Archive for the ‘Bible’ Category

We do not travel alone

April 23, 2017

 Now the Lord said to Abram, ‘Go from your country and your kindred and your father’s house to the land that I will show you. I will make of you a great nation, and I will bless you, and make your name great, so that you will be a blessing. I will bless those who bless you, and the one who curses you I will curse; and in you all the families of the earth shall be blessed.’

So Abram went, as the Lord had told him; and Lot went with him. Abram was seventy-five years old when he departed from Haran. Abram took his wife Sarai and his brother’s son Lot, and all the possessions that they had gathered, and the persons whom they had acquired in Haran; and they set forth to go to the land of Canaan.

Genesis 12:1-5a  NRSV

I have an unfortunate tendency to think the call of Abraham only involved Abraham. Periodically the text reminds me that Sarah traveled with him. Less frequently the text reminds me that Lot  and many others also went with Abraham.  But mostly I focus on Abraham.

For modern Americans to focus solely on Abraham is easy to do. Our typical way of thinking and understanding the world concentrates and celebrates the individual. We love stories about the lone person who perseveres, triumphs, saves, or overcomes. We admire and revere the “One”. Many of us secretly want to be the “One”. Or perhaps, we are waiting for the “One” to save us, protect us, love us.

But if we read Abraham’s story carefully, we discover that Abraham doesn’t travel alone. His call affects others. And others participate in his call. And of course others benefit from his calling.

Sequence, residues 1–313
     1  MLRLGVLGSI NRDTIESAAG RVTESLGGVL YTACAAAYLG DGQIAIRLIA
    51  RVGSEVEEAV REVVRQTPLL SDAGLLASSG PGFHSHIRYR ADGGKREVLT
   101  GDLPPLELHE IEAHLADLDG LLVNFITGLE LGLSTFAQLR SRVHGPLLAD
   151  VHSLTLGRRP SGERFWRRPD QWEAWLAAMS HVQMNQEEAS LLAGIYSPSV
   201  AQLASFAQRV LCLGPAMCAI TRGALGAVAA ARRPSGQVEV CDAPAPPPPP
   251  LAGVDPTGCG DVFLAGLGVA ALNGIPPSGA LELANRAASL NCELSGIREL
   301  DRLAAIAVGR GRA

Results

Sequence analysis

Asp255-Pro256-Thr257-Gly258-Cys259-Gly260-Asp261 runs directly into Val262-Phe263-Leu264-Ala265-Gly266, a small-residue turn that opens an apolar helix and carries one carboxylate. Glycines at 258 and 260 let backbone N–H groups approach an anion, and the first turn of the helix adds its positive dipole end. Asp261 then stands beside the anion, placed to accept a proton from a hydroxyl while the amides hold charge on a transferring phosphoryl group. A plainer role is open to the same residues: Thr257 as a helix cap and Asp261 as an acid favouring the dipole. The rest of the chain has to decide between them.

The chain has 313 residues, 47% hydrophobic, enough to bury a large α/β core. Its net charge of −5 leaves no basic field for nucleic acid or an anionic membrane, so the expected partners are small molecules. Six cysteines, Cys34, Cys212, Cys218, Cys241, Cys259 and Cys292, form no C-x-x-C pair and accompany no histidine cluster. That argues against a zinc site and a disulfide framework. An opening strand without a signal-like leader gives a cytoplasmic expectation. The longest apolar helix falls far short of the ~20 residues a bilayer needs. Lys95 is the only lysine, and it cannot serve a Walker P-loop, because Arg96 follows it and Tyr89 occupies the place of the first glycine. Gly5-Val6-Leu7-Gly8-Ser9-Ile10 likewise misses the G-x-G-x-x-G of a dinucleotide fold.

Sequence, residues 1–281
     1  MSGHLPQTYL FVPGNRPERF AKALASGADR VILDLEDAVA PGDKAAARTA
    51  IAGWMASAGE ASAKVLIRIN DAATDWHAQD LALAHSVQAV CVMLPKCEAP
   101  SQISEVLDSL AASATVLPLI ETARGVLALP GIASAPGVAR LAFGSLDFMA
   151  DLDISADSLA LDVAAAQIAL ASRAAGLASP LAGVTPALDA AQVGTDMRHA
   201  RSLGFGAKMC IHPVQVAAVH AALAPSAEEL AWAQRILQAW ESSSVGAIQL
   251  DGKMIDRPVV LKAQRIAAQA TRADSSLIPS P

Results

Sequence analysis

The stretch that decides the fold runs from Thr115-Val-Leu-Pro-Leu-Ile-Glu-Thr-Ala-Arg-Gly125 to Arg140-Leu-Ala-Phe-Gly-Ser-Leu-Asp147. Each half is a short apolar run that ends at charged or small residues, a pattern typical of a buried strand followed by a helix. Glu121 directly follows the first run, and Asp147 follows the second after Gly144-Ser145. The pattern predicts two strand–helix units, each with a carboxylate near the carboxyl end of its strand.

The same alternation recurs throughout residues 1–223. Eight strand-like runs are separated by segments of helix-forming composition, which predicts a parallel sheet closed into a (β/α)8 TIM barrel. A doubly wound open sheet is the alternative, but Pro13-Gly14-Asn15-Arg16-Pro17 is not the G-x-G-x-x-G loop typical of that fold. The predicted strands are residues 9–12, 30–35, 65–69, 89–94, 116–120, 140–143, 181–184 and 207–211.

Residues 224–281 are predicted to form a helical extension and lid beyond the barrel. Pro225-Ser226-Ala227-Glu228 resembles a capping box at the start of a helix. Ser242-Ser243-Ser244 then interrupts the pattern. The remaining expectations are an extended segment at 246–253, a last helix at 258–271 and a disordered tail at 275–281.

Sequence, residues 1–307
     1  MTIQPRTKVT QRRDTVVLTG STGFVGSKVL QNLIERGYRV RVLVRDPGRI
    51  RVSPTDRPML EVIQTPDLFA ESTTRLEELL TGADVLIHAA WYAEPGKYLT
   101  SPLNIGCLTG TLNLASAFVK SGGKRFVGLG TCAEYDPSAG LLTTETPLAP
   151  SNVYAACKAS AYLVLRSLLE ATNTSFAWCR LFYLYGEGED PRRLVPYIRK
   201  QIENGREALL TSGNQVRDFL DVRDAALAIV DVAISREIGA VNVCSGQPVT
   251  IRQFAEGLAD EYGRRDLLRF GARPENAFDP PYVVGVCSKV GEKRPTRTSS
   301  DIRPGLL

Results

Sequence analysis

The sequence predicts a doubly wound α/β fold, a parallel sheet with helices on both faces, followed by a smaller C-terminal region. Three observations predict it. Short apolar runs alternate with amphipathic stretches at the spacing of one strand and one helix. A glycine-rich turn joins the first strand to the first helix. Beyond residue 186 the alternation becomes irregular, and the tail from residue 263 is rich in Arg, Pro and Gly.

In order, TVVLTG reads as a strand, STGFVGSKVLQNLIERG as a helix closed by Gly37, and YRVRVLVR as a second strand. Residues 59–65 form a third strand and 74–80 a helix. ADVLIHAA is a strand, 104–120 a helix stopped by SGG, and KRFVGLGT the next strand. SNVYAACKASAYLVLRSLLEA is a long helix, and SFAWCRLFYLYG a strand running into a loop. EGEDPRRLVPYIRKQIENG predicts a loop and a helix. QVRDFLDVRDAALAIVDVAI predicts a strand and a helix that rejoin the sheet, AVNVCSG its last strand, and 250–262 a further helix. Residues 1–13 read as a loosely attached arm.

In the ancient world successes and failures, joys and sorrows were communal events. How an individual’s actions affect their family and community were important considerations. The stories in the Bible remind us that our lives are not our own. Our lives and actions affect the lives of people we know and people we don’t know.

From Cain’s question, “Am I my brother’s keeper”, to Moses’ demand  “let my people go”, to the prophets’ insistence that we care for the widow and orphan and stranger, to Jesus’s teaching about caring for the “least of these”- over and over again we are told we must be concerned about the larger community.

That means that my faith cannot be simply or only about my relationship with God. My relationship with God compels me to be concerned about others, in my home, in my city, in my country and around the world.